By Shihoko Goto*
Even as the Biden administration continues to tout cooperating with allies to ensure stability in the Indo-Pacific, the United States is unlikely to join the Comprehensive and Progressive Agreement for Trans-Pacific Partnership (CPTPP) anytime soon.
With little appetite in Congress for the United States to sign new trade deals, US economic strategy in the region will focus on confronting Chinese challenges — efforts alongside like-minded countries that Washington will continue to lead. But this strategy might be less effective when new trade and investment partnerships are brokered without the involvement of the United States.
The first major hurdle that must be overcome to pave the way for the United States to potentially join the CPTPP will be reauthorising the Trade Promotion Authority (TPA), which expires on 1 July 2021. TPA allows the White House to submit a trade agreement for an up-or-down vote in Congress without any amendments being made and is a critical tool for negotiating new trade agreements. Without it, passing a deal as broad and ambitious as the CPTPP would be extremely challenging and overly time-consuming.
Even if a revised TPA were to be legislated in a timely manner, that still leaves the challenge of dealing with paltry Congressional appetite on both sides of the political aisle for signing on to a mega trade deal. It is hardly surprising that the latest annual Trade Policy Agenda prepared under US Trade Representative Katherine Tai states that the Biden administration will pursue a trade agenda focussed on appealing to voters that ‘will encourage domestic investment and innovation and increase economic security for American families, including through combating unfair trade practices by our trading partners’.
The focus on domestic growth is not unlike the objectives pursued by the Trump administration. Although former US president Trump’s singular focus on reducing the US trade deficit with China came under sharp criticism, his questioning of the economic gains to be made by trade deals for the average American was begrudgingly acknowledged by even those who staunchly opposed US withdrawal from the Trans-Pacific Partnership (TPP).
In fact, when it comes to trade with Asia, the Biden administration has yet to overhaul Section 232 which enabled the Trump administration to impose tariffs on steel and aluminium in the name of national security on some of Washington’s most important allies, including Japan. These tariffs remain in place despite over 300 US businesses pushing the Biden administration to terminate it immediately.
To be sure, US manufacturers are clamouring for these tariffs to be lifted not for foreign policy gain, but rather to remain competitive and to be able to source supplies from beyond US borders without paying a penalty. Still, US allies are disconcerted by Biden’s rhetoric of cooperation not aligning with US actions when it comes to economic policy. The Biden administration’s massive infrastructure and economic revitalisation spending proposals have been regarded warily in Tokyo, Seoul and elsewhere.
Putting aside the White House’s uphill task of securing congressional approval for the packages totalling US$6 trillion, growing unease persists about whether the Biden administration’s rhetoric to work together with allies will actually extend to the economic front.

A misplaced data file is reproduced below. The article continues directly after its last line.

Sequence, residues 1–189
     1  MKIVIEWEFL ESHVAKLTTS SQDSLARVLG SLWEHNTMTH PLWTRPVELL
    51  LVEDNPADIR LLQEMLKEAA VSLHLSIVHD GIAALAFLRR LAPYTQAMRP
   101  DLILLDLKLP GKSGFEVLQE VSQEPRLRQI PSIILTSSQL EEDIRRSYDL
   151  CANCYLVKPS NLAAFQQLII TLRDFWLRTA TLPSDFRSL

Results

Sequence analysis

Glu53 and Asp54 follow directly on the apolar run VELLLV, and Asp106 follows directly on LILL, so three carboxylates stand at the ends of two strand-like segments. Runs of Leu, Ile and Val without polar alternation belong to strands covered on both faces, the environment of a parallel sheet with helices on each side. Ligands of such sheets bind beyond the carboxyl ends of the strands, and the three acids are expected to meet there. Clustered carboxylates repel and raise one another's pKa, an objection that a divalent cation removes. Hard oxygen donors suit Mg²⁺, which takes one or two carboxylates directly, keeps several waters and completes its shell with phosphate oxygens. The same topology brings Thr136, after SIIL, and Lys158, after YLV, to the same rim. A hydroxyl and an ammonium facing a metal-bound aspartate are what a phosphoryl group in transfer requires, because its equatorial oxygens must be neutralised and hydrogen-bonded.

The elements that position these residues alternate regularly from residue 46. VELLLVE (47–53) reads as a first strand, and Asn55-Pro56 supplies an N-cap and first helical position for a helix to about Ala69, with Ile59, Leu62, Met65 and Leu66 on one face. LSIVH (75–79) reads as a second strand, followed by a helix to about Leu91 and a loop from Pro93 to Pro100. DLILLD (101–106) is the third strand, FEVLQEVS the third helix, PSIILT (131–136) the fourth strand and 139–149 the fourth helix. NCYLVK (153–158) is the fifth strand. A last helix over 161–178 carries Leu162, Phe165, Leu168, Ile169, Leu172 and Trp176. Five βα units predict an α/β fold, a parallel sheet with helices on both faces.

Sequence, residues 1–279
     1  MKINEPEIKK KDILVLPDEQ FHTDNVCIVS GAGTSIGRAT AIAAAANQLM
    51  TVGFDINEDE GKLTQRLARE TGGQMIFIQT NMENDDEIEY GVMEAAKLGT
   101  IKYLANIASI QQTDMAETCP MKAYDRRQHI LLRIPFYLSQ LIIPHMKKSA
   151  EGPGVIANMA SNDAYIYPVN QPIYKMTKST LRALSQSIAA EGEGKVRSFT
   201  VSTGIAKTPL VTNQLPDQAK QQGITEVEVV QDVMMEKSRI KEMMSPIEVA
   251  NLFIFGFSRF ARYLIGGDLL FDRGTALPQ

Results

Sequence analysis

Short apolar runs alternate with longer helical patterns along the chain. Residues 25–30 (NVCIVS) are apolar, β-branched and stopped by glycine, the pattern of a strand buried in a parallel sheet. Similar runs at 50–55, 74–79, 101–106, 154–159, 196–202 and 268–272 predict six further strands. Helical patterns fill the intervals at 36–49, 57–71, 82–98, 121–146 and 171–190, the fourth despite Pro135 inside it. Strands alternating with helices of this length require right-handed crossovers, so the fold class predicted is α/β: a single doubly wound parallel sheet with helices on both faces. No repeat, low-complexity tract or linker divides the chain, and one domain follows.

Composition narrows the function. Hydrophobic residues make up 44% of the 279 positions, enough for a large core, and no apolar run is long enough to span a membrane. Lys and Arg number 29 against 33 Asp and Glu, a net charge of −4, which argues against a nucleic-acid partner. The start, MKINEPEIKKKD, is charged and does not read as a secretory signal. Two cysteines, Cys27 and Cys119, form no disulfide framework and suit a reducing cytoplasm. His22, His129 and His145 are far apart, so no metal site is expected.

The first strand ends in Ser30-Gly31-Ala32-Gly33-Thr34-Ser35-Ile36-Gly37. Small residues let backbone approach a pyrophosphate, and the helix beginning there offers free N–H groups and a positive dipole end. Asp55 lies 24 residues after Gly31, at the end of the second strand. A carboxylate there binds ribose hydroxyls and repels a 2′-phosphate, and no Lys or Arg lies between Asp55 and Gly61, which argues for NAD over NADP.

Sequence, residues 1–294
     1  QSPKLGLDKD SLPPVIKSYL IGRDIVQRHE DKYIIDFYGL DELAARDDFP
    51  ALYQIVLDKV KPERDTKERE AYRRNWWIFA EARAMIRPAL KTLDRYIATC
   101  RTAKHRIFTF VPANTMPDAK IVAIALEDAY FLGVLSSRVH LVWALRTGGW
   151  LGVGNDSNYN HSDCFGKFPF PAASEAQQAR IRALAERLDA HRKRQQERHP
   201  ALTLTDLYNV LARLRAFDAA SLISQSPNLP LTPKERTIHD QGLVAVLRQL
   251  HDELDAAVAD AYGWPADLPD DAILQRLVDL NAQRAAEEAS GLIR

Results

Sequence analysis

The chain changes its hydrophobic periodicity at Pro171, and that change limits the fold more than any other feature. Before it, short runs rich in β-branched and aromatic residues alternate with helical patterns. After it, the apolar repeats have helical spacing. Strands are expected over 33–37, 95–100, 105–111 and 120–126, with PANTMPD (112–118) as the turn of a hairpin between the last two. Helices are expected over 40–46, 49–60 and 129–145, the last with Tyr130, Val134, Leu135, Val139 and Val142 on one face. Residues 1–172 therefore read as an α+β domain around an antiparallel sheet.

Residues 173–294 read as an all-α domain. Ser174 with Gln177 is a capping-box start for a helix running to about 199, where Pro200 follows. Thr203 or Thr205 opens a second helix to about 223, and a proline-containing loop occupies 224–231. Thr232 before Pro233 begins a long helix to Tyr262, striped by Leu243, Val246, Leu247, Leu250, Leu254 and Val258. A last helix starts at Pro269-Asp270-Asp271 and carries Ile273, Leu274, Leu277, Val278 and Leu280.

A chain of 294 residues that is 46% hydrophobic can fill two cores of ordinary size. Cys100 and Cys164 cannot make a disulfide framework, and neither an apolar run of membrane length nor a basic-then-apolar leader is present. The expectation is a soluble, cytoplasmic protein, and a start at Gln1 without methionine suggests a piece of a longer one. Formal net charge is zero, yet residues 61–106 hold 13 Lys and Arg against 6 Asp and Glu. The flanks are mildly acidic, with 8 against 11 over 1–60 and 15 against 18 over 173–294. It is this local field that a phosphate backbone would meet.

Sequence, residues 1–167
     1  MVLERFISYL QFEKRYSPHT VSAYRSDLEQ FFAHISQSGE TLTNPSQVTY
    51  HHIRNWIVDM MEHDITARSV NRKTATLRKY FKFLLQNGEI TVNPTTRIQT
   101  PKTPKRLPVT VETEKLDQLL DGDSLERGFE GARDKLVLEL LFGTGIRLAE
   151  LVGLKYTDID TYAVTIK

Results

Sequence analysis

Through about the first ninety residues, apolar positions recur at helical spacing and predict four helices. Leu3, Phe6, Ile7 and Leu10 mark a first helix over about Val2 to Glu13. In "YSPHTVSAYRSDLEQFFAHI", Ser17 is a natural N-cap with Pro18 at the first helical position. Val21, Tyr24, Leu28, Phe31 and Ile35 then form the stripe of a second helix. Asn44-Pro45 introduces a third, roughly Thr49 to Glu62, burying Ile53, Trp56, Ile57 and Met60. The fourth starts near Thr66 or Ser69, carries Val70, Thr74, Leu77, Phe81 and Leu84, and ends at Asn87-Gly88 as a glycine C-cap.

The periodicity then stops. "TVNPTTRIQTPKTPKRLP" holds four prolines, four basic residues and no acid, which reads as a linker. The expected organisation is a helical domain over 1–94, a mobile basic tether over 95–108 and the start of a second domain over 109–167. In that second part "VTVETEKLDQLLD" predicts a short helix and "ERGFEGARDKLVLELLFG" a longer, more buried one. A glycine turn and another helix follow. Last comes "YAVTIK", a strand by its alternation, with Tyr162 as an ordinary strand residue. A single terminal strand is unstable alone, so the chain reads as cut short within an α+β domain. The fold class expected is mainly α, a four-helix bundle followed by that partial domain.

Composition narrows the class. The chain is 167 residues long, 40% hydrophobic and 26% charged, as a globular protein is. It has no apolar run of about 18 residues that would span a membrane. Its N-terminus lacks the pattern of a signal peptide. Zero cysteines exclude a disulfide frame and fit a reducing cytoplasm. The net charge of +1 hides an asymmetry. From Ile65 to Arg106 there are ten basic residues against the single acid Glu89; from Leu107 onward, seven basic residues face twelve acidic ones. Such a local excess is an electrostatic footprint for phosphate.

Yet, the United States cannot confront the China challenge without relying on like-minded nations. Beijing is already moving to hedge against US measures that could isolate it from the global economy through its dual circulation strategy. In doing so, China is moving forward with plans to reduce its dependence on overseas markets and technology, while simultaneously boosting the reliance of emerging markets on Chinese goods and know-how. Coupled with the Belt and Road Initiative, Beijing’s goal is to build a new order centred around China, especially on the economic front.
Even if the United States does not join any comprehensive trade deals any time soon, it is imperative for Washington to demonstrate that it is willing to work together with like-minded partners for political as much as economic considerations.
For instance, a bilateral investment treaty with Taiwan would be a tremendous win for Taipei given the concessions Taiwan has already made to import US beef and pork. For Washington, it would strengthen Taiwanese voters’ support for the United States in light of ever-increasing pressure from Beijing. At the same time, it would also bolster a trade relationship upon which the United States remains heavily dependent on for the most advanced semiconductors.
Equally effective would be for the Biden administration to sign on to newly developing economic partnerships that aim to deal with both post-COVID-19 growth challenges and the China challenge at the same time. The trilateral Supply Chain Resilience Initiative is such an opportunity, which would allow the United States to cooperate with Australia, Japan and India on their efforts to reduce over-dependence on China-based supply chains.
Even though the Biden administration will be hemmed in by its domestic considerations and unable to ink new trade deals any time soon, that should not constrain it from aligning its policies to abide by its rallying cry for cooperation. The call for working together with partners on the economic front is hardly altruistic. The United States alone cannot push back against China’s broader regional ambitions without collective action. Washington’s sole focus on its narrowly defined domestic growth considerations might mean that its call for cooperation will simply be dismissed as empty words.
*About the author: Shihoko Goto is Deputy Director for Geoeconomics and Senior Associate for Northeast Asia in the Asia Program at the Wilson Center.
Source: This article was published by East Asia Forum